Parental Alienation Syndrome (PAS) is the unhealthy coalition between a narcissistic parent and his or her children against the targeted, non-narcissistic, non-abusive parent. The innocent or targeted parent receives hostility and rejection from his or her children in this system. The psychological health of the children is used as arsenal in the narcissist’s twisted world.
Parental Alienation Syndrome is a family systems pathology involving the triangulation of children into the abusive, narcissistic parental relationship. In the case of PAS the cross-generational coalition exists between the narcissist and the child or children, and is a covert type of narcissistic abuse. In typical family systems therapy there would most likely be cooperation with the offending parent to break the coalition with the child and stand united with the other parent. With a narcissist this will not happen. Narcissists have limited insight so they will be unwilling or unable to see their unhealthy union, believing it to be occurring because he or she happens to be the superior parent, deserving of loyalty, deeming the innocent parent as “bad.” In addition to this, narcissists are unwilling to collaborate on anything; even in therapy. Going to therapy with a narcissistic partner will usually backfire on the targeted partner.
The symptoms of PAS are: (1) The children sit in judgment of the targeted parent’s adequacy and competency as a parent. (2) The narcissistic parent covertly encourages, empowers, and rewards the children for this behavior. (3) The narcissistic parent feigns innocence in this process. (4) The children believe they are acting independently (that is, they believe they are not being influenced by the alienating parent.)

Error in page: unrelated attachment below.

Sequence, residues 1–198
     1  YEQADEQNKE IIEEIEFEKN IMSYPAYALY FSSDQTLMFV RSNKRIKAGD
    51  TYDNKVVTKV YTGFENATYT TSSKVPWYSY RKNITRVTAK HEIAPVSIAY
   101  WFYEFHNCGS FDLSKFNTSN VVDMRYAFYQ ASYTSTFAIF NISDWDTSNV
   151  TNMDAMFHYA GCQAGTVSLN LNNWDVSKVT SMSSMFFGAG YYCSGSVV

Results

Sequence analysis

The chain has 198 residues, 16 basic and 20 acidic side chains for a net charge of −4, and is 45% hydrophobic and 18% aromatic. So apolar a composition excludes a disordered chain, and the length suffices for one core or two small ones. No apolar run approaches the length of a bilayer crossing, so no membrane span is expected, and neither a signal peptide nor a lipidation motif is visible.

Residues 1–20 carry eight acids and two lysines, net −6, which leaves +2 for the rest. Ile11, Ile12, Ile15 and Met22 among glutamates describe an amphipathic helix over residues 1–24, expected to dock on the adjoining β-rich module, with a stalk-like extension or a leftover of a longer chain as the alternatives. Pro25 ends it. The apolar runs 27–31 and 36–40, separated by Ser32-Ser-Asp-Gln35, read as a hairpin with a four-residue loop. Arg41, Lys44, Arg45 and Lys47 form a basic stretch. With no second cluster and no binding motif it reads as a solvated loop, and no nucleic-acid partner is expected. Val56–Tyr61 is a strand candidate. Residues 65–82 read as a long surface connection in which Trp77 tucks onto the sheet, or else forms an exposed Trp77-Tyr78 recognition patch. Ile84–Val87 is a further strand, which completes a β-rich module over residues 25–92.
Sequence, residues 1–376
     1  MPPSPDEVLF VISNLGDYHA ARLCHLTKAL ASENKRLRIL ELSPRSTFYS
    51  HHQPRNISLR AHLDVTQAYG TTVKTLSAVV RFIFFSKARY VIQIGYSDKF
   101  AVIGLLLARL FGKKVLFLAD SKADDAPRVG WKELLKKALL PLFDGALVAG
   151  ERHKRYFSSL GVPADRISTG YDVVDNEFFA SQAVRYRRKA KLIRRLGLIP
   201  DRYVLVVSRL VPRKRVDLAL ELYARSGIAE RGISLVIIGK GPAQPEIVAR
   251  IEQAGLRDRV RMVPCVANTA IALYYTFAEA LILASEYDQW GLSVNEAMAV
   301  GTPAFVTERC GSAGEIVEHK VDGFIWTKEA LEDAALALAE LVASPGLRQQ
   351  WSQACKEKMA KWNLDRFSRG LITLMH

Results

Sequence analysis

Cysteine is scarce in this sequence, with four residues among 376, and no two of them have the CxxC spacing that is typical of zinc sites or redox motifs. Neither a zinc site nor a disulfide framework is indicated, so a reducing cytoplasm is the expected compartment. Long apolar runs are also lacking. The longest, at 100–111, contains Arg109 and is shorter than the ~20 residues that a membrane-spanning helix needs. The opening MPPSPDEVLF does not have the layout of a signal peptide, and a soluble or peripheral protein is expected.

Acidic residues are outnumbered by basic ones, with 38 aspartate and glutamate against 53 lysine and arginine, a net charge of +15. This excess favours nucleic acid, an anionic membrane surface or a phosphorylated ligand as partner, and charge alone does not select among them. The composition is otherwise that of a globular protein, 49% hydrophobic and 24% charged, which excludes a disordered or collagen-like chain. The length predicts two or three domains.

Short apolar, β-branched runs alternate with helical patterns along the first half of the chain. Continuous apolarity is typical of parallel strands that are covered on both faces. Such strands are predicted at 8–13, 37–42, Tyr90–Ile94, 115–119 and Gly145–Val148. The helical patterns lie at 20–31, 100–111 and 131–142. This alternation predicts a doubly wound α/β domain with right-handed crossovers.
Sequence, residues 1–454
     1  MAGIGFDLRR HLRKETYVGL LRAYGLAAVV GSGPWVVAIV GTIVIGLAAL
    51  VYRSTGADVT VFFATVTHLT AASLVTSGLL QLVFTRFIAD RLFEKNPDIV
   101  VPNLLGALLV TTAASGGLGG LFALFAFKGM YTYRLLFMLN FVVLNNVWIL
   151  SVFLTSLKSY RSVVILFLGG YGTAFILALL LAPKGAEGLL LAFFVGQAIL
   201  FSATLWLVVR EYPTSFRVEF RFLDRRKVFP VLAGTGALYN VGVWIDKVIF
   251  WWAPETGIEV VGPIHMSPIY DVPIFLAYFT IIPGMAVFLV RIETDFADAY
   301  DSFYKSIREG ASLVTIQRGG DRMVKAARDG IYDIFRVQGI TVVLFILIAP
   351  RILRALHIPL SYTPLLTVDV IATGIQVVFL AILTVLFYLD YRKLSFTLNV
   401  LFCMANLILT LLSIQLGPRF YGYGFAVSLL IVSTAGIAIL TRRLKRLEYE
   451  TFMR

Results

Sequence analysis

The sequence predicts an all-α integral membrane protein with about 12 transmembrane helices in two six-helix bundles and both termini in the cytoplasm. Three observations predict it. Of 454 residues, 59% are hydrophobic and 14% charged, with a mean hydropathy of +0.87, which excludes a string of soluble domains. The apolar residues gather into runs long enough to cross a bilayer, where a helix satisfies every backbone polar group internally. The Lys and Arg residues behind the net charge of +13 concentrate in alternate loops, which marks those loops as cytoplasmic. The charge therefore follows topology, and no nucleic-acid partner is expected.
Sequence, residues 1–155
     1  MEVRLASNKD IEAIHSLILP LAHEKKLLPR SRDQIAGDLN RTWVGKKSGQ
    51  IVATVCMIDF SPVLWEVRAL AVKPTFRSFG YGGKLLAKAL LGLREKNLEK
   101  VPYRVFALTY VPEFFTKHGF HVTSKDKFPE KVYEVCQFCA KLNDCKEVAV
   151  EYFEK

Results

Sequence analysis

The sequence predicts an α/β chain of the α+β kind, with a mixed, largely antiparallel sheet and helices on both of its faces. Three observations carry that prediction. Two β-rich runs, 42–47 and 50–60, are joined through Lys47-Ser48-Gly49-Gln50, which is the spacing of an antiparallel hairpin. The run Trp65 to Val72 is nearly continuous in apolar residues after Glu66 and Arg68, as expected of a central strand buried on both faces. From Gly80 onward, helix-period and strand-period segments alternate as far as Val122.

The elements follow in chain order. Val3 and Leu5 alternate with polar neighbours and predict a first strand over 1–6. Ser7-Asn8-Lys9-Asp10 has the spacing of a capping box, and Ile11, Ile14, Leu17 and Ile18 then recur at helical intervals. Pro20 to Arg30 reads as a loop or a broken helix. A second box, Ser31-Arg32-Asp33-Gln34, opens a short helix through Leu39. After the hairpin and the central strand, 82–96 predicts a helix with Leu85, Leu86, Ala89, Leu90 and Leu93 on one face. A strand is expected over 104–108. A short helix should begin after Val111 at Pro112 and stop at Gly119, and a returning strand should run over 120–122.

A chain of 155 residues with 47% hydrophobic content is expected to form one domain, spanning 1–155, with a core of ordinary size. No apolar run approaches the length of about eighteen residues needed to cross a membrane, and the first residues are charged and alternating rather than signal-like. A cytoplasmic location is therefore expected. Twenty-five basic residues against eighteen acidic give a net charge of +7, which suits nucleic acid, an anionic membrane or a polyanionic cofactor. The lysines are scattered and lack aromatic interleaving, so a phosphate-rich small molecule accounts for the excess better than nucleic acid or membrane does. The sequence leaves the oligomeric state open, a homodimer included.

The system is created as the alienating parent rewards the children when they say hostile or angry things about the targeted parent by encouraging and displaying “understanding” for the children’s negative feelings, when what should really be occurring is the children should be taught to respect the other parent. In essence, the children are gaining acceptance from the narcissistic parent as they complain about the target parent.
For instance, suppose the targeted parent tells the child to do a chore and the child resists as is so often the case with children being told to do something they don’t want to do. Now, suppose the child goes to the narcissist and complains about the “mean” other parent. The narcissist will then sympathize with the child, encouraging him or her to feel victimized by the “outrageous” expectations of the targeted parent, and will excuse the child from having to do the chore. Thus, the child is getting sucked into the web of PAS. The targeted parent is outraged, bewildered, hurt, and betrayed. The child has been covertly empowered to disrespect the one parent who is actually trying to develop a decent human being. The narcissist sits back, effortlessly creating the destructive coalition with his or her child.
In essence, the children are empowered to disobey, disrespect, and disregard the non-narcissistic parent. On the surface, the children feel and believe they are benefiting and winning, but in reality they are playing a sordid part in the narcissist’s perverse mind games. There are some detrimental effects to the children because of this:
If you are a victim of PAS, here are some suggestions for you to try to help turn things around:
I recently received an email request from a family law judge overseas who asked for input on resolving “parental alienation” in the family courts. I thought my email response to this question might be more broadly of interest, so I am providing it here as well.
What has traditionally been called “parental alienation” represents an attachment-related pathology. The attachment system is the brain system that governs all aspects of love and bonding throughout the lifespan, including grief and loss. A child rejecting a parent following divorce is a problem in the love-and-bonding system of the brain — the attachment system.